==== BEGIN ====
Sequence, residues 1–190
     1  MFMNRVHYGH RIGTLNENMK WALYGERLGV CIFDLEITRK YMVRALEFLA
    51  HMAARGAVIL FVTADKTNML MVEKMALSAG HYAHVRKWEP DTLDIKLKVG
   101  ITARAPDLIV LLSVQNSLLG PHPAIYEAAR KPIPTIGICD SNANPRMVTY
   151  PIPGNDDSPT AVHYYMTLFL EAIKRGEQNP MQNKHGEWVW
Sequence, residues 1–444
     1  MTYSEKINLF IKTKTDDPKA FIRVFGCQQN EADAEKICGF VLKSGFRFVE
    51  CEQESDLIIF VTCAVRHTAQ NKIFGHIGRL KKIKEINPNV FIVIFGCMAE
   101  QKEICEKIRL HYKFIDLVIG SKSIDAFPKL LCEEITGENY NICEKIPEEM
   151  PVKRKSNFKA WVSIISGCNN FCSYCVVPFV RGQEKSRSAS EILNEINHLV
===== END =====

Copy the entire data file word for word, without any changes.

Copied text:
Sequence, residues 1–190
     1  MFMNRVHYGH RIGTLNENMK WALYGERLGV CIFDLEITRK YMVRALEFLA
    51  HMAARGAVIL FVTADKTNML MVEKMALSAG HYAHVRKWEP DTLDIKLKVG
   101  ITARAPDLIV LLSVQNSLLG PHPAIYEAAR KPIPTIGICD SNANPRMVTY
   151  PIPGNDDSPT AVHYYMTLFL EAIKRGEQNP MQNKHGEWVW
Sequence, residues 1–444
     1  MTYSEKINLF IKTKTDDPKA FIRVFGCQQN EADAEKICGF VLKSGFRFVE
    51  CEQESDLIIF VTCAVRHTAQ NKIFGHIGRL KKIKEINPNV FIVIFGCMAE
   101  QKEICEKIRL HYKFIDLVIG SKSIDAFPKL LCEEITGENY NICEKIPEEM
   151  PVKRKSNFKA WVSIISGCNN FCSYCVVPFV RGQEKSRSAS EILNEINHLV